|It is two years since I came to live in Rawdon. Though I was born and brought up in Halifax, I had lived away from Yorkshire for 15 years. Two years ago I came back to the West Riding. I remember now driving up the A65 from Leeds with Gary Barlow singing ‘Back for Good’ playing loudly on the cassette player. I was indeed back. It was good. Now if I were a Bill Bryson I would embellish that by adding that the sun was shining, Leeds United had just won the Premiership, the smell of freshly-baked Yorkshire Puddings drifted in the fragrant air and Yorkshire had just beaten Lancashire by an innings and six wickets. But none of those was the case. It just felt good.
View from the Billing
Rawdon lies eight miles north-west of Leeds, half-way to Ilkley. It stands on a hill above the Aire and only a few miles to the north is Wharfedale which lies on the other side of the Chevin. From Rawdon’s highest point, the Billing, on a clear day York Minster can be glimpsed to the east and Pendle Hill is visible to the west. At night the street lights at Calverley and Baildon can be seen strung along the hills like, as my eleven year old said, one of those join-the-dots puzzles.
You won’t find Rawdon in the tourist guides. It isn’t particularly fashionable or pretty in the chocolate box sense. However, it is very much a real place full of real people with buildings and landscape redolent of the agricultural and industrial history of this part of England. It is quintessential West Riding. It is what Yorkshire was and still is if you scratch away the modern-day gloss and stop the traffic for five minutes.
St. Peter's Church
The Village Bakery
Old Rawdon is built along Town Street by St Peter’s Church. It is made up of stone-built houses of various types, ages and dimensions, the older ones blackened by past industry. Another area of Rawdon centres on the green next to the Harrogate Road. A large number of mature trees is a feature of the place. Then there is the part of Rawdon known as Little London below Micklefield Park. When it was being built in the 1830s so many buildings seemed to be under construction that the locals christened it London. As a result the streets were named accordingly - London Lane, London Square, Lombard Street. Handloom weavers worked in the second-floor rooms built with large windows designed to maximise available light. The area became known as Clattergate because of the constant noise of the shuttles. That was long ago. Today the narrow streets and stone cottages of Little London are highly prized and much-favoured by house buyers.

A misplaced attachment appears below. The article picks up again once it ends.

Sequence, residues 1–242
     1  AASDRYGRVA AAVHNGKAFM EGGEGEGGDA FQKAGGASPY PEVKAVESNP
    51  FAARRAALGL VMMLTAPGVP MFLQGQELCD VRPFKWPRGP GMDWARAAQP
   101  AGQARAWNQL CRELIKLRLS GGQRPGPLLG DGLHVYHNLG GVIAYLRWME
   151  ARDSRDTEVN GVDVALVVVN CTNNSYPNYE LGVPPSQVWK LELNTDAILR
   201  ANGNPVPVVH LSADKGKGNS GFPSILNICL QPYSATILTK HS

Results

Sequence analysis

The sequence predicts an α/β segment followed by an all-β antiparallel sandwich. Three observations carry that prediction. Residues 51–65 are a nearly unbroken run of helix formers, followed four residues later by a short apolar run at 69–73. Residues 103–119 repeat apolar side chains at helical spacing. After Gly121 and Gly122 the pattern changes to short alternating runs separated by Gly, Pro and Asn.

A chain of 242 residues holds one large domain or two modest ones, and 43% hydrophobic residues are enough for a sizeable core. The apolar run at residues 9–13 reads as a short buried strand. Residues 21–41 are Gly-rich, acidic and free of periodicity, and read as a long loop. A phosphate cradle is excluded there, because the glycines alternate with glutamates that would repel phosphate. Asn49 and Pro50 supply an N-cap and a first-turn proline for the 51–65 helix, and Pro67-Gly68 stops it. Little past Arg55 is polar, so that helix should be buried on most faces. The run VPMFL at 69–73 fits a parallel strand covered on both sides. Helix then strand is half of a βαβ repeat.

Between Little London and the Aire are Cragg Woods, falling down the hillside. Again this is a little-known place but a gem. Here nineteenth century millionaires who had made their fortunes in the Bradford woollen mills built themselves mansions of staggering proportions. Many still remain, hidden in the trees away from the unmade roads.
Until the early 1970s Rawdon was part of what was officially called Aireborough. Most people in Rawdon regard it as still being very much independent of both Leeds and Bradford. However, in the local government reorganisation of the time it became part of Leeds metropolitan district. Like many other similar towns and villages Rawdon retains a defiant detachment from Leeds which is seen as an occupying force with the interests of local residents last on its list of priorities.
Close to Rawdon is Yeadon, once a mill town typical of the area. During the Second World War Lancaster Bombers were built at Yeadon and, not surprisingly, the Germans wanted to bomb the factory. The Luftwaffe followed the rivers, reflecting the moonlight, from the North Sea. In the black-out they were looking for Yeadon Tarn, a small lake near the factory and marked on their maps. But unknown to the Germans, the Tarn was drained for the duration of the war. It wasn’t there. Furthermore, and this is real Dad’s Army stuff, wooden cows were placed on the roof of the aircraft factory and regularly moved around. Dad’s Army perhaps but the Germans never found the factory. Production continued throughout the war.
If you come to Rawdon visit the Princess in Little London. This is a pub where indeed everyone knows your name and where you can find some of the most entertaining conversations as well as outrageously incorrect views in Christendom. Enjoy the views and the sky on a fine evening. Walk through Cragg Woods and up to the Billing.
So there you are. Rawdon, West Riding. Nothing special, but rather special. Not Chicago but certainly my kinda town.
David Brearley ©Yorksview 2002
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